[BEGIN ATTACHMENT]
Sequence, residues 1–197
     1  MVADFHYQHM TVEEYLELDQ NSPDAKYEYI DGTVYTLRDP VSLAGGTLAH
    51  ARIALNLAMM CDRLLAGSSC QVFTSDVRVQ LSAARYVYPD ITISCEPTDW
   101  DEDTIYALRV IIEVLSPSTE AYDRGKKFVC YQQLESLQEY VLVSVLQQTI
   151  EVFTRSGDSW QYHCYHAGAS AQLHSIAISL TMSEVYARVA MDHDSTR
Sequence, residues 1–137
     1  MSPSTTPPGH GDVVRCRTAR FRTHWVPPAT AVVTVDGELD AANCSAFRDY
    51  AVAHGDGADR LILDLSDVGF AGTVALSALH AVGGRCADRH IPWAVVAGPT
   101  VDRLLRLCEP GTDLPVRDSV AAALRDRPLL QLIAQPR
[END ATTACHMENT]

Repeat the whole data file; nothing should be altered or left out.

Sequence, residues 1–197
     1  MVADFHYQHM TVEEYLELDQ NSPDAKYEYI DGTVYTLRDP VSLAGGTLAH
    51  ARIALNLAMM CDRLLAGSSC QVFTSDVRVQ LSAARYVYPD ITISCEPTDW
   101  DEDTIYALRV IIEVLSPSTE AYDRGKKFVC YQQLESLQEY VLVSVLQQTI
   151  EVFTRSGDSW QYHCYHAGAS AQLHSIAISL TMSEVYARVA MDHDSTR
Sequence, residues 1–137
     1  MSPSTTPPGH GDVVRCRTAR FRTHWVPPAT AVVTVDGELD AANCSAFRDY
    51  AVAHGDGADR LILDLSDVGF AGTVALSALH AVGGRCADRH IPWAVVAGPT
   101  VDRLLRLCEP GTDLPVRDSV AAALRDRPLL QLIAQPR